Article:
MORRIS, Ill. (Feb. 5, 2009) - In an effort to prevent large blocks of ice in the Kankakee River from damaging bridges and personal property, the Will County Emergency Management Agency began siphoning warm water from the Dresden Station cooling pond into the river today.
According to Will County Emergency Management Director Harold Damron, recent cold temperatures have caused ice in several areas of the river to reach about eight inches in thickness. With warmer temperatures predicted over the coming weekend, he is concerned that large sheets of ice may break apart and float. "The warm water from Dresden's pond helps to maintain the river's natural flow, which lessens the likelihood of damage as the ice makes its way downstream," Damron said.
He added that ice jams can cause flooding because they act as dams, preventing melting snow that enters the river from flowing downstream. "We appreciate Dresden's cooperation in helping us minimize the severity of icing on the river."
The 70-degree F water is siphoned from the cooling pond through a trio of 3-foot diameter pipes located at the northeastern corner of the pond. They run from the bottom of the pond, over the dike, under Cottage Road and into the Kankakee River. Although the siphon lines are located on Dresden Station property, they are operated by the Will County Emergency Management Agency.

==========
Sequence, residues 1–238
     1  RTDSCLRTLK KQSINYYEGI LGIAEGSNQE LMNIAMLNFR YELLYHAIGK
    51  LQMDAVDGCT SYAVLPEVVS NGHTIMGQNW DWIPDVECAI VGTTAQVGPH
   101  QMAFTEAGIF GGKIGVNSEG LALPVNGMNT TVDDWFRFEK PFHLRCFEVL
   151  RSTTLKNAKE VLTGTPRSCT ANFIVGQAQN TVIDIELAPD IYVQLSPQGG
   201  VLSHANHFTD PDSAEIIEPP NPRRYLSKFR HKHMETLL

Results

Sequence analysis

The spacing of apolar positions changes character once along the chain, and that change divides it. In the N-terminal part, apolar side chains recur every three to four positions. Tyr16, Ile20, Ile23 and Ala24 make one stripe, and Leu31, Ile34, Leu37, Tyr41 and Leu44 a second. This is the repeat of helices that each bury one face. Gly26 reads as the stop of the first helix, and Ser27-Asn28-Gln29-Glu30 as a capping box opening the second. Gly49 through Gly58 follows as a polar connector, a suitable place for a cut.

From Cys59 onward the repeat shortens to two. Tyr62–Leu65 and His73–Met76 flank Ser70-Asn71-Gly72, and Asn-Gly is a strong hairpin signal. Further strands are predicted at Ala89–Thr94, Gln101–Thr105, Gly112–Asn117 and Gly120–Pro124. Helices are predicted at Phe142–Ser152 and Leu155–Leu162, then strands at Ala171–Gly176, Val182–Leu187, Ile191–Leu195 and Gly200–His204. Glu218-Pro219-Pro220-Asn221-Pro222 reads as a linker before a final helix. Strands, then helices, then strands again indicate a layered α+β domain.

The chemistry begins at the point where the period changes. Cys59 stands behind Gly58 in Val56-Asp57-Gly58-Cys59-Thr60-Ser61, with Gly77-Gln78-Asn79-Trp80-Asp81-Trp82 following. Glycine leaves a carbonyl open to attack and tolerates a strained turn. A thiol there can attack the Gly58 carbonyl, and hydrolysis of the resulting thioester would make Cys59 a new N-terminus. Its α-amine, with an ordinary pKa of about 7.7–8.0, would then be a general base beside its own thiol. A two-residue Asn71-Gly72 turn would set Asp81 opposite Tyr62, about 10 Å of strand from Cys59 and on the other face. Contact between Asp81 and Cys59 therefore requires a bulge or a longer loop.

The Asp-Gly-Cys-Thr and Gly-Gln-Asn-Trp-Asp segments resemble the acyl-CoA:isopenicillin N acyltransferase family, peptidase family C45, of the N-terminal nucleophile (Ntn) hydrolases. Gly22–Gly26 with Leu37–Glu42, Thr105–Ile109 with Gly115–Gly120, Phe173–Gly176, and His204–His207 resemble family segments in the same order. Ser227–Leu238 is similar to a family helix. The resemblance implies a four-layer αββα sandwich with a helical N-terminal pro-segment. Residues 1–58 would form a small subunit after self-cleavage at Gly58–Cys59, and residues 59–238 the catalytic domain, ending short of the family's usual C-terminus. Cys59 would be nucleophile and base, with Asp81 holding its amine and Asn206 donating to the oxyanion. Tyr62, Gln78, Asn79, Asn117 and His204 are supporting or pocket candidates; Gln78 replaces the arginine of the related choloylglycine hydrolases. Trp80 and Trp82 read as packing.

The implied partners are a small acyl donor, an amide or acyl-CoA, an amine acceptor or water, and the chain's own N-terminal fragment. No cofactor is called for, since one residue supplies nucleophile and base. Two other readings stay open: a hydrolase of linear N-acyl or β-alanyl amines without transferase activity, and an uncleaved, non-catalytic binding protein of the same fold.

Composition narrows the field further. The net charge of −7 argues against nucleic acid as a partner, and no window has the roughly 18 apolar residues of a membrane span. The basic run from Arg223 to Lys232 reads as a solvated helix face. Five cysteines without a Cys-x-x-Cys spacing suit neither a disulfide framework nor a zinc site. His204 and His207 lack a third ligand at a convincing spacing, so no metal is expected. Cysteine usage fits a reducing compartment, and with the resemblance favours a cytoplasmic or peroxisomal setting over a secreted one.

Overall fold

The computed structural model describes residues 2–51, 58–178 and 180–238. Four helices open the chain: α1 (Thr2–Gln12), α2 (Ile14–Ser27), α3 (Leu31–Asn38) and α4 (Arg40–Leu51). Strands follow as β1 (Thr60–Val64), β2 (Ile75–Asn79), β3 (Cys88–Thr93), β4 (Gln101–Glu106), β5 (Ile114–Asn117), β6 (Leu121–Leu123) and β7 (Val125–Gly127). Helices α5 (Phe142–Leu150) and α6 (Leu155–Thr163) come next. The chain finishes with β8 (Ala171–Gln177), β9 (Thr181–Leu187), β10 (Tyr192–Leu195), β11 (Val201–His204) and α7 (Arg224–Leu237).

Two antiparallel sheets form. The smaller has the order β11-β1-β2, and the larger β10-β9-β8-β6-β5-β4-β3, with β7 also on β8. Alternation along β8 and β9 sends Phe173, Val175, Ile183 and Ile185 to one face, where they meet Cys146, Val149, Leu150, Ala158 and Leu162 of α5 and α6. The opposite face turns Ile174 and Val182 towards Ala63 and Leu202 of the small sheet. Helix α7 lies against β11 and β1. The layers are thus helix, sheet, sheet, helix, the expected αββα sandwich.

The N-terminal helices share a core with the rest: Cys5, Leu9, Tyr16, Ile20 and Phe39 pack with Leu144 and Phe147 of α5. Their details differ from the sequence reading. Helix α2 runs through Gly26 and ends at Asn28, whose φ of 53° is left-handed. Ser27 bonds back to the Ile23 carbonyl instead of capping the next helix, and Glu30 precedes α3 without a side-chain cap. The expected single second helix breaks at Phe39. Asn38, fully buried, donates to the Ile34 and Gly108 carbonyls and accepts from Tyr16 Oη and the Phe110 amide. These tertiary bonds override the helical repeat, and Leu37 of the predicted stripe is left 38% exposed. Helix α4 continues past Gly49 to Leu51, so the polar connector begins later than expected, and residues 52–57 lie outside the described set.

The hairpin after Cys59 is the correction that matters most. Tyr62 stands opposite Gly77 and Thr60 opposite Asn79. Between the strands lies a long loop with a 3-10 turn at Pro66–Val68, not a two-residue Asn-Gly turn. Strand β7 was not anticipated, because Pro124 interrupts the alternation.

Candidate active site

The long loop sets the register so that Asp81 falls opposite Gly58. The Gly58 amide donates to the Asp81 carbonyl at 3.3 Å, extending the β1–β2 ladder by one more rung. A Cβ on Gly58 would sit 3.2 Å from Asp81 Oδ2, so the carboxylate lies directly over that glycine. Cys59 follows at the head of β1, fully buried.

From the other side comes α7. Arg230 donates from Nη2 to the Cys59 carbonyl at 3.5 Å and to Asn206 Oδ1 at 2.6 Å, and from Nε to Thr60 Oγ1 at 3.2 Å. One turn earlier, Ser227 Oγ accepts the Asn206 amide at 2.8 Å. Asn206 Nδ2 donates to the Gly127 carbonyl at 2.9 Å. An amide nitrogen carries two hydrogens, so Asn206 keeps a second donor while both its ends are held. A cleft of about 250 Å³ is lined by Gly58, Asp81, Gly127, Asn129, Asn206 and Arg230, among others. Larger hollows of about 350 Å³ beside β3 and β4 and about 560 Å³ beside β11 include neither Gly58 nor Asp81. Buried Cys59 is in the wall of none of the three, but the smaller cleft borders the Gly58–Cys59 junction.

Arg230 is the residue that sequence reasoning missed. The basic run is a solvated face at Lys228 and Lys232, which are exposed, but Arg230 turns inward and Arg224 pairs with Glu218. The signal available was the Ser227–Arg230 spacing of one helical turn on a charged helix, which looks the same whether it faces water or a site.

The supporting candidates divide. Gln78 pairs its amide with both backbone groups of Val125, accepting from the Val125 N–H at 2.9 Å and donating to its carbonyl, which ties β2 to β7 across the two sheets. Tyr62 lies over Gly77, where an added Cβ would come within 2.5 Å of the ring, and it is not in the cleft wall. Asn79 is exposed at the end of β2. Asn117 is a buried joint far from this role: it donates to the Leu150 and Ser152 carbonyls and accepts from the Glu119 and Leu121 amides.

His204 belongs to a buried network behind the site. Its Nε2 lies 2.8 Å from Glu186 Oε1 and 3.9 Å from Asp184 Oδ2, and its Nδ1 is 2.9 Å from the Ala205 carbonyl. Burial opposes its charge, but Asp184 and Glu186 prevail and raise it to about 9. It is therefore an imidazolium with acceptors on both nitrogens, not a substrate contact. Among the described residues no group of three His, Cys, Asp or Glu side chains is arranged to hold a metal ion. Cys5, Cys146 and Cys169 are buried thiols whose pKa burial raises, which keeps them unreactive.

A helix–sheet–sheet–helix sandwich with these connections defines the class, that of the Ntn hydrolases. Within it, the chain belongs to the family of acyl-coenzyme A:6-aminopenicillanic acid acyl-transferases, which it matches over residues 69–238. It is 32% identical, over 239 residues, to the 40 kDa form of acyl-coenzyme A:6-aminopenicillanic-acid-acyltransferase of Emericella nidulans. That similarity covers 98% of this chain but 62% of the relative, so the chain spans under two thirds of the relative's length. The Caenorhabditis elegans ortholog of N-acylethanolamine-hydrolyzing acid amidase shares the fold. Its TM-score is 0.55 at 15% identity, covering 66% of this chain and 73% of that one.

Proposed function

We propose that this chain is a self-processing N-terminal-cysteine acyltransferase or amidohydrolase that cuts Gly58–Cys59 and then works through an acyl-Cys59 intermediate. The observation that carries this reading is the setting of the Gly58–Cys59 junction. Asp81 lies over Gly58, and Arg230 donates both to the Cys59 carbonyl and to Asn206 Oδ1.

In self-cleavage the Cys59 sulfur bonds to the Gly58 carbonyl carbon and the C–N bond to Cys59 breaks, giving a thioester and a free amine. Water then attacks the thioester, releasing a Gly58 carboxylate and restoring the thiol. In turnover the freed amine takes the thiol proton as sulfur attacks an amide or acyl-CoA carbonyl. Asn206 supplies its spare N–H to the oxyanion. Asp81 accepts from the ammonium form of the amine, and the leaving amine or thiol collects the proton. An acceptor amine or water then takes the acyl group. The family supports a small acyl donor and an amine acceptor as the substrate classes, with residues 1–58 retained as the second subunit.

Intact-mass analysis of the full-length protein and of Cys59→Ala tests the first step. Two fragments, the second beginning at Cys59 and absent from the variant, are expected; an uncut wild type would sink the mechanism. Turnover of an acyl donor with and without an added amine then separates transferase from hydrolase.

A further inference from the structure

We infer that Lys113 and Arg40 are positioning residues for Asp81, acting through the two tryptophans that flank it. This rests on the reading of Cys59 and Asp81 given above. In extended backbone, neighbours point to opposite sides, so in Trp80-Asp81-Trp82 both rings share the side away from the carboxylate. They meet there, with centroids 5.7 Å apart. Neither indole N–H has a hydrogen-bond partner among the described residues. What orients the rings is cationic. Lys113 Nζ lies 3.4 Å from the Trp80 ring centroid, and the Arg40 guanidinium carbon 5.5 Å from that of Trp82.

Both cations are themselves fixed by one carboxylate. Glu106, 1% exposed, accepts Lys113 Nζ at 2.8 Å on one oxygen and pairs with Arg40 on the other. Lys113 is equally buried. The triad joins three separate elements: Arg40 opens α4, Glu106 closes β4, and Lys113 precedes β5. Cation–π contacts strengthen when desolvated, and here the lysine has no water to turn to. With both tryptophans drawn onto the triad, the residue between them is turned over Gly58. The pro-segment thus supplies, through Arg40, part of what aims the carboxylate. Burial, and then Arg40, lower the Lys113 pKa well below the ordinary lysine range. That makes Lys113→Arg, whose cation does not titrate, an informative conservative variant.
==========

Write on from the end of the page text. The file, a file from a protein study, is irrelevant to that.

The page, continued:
"Winters in northern Illinois are hard enough, without having to cope with ice jams and flooding," said Dave Wozniak, Dresden site vice president. "If the warm water in our cooling pond can provide some relief for our neighbors, we're more than glad to help."
The Illinois Environmental Protection Agency allows the siphon lines to be operated twice a season for 14-day intervals each. This is the second time this year that they are being placed in service. The Emergency Management Agency siphoned warm water to the river during the frigid weather from Jan. 7 - 21.
Dresden Generating Station is approximately 60 miles southwest of Chicago. The station's two operating units can produce more than 1,700 megawatts net of electricity per hour. Dresden Unit 1, which began commercial operation in 1960 and was retired in 1978, has been designated a Nuclear Historic Landmark by the American Nuclear Society.